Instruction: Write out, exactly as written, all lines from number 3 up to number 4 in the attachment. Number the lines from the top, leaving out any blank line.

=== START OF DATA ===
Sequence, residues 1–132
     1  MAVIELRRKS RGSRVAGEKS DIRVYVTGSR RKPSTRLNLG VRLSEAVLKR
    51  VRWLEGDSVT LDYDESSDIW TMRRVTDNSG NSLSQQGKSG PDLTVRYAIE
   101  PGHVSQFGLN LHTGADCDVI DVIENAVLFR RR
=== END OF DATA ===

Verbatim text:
    51  VRWLEGDSVT LDYDESSDIW TMRRVTDNSG NSLSQQGKSG PDLTVRYAIE
   101  PGHVSQFGLN LHTGADCDVI DVIENAVLFR RR